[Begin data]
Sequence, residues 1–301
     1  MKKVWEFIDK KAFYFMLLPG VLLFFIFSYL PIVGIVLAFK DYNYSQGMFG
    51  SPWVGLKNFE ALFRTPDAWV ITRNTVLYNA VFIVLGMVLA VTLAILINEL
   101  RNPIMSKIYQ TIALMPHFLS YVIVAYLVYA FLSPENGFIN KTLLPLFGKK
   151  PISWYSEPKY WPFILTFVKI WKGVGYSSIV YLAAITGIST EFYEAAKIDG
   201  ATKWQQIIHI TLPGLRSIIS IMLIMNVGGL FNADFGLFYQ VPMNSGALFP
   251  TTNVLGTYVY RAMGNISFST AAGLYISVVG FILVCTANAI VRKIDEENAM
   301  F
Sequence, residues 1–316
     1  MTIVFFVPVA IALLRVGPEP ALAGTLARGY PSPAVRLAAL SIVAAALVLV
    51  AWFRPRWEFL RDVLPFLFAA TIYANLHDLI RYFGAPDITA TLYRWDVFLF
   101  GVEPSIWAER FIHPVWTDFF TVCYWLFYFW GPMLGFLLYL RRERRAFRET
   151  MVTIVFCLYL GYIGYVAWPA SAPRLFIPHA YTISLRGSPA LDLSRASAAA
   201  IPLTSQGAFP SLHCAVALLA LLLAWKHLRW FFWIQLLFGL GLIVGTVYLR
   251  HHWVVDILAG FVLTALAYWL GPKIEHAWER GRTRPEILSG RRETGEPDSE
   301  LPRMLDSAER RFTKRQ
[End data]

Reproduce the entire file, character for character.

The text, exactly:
Sequence, residues 1–301
     1  MKKVWEFIDK KAFYFMLLPG VLLFFIFSYL PIVGIVLAFK DYNYSQGMFG
    51  SPWVGLKNFE ALFRTPDAWV ITRNTVLYNA VFIVLGMVLA VTLAILINEL
   101  RNPIMSKIYQ TIALMPHFLS YVIVAYLVYA FLSPENGFIN KTLLPLFGKK
   151  PISWYSEPKY WPFILTFVKI WKGVGYSSIV YLAAITGIST EFYEAAKIDG
   201  ATKWQQIIHI TLPGLRSIIS IMLIMNVGGL FNADFGLFYQ VPMNSGALFP
   251  TTNVLGTYVY RAMGNISFST AAGLYISVVG FILVCTANAI VRKIDEENAM
   301  F
Sequence, residues 1–316
     1  MTIVFFVPVA IALLRVGPEP ALAGTLARGY PSPAVRLAAL SIVAAALVLV
    51  AWFRPRWEFL RDVLPFLFAA TIYANLHDLI RYFGAPDITA TLYRWDVFLF
   101  GVEPSIWAER FIHPVWTDFF TVCYWLFYFW GPMLGFLLYL RRERRAFRET
   151  MVTIVFCLYL GYIGYVAWPA SAPRLFIPHA YTISLRGSPA LDLSRASAAA
   201  IPLTSQGAFP SLHCAVALLA LLLAWKHLRW FFWIQLLFGL GLIVGTVYLR
   251  HHWVVDILAG FVLTALAYWL GPKIEHAWER GRTRPEILSG RRETGEPDSE
   301  LPRMLDSAER RFTKRQ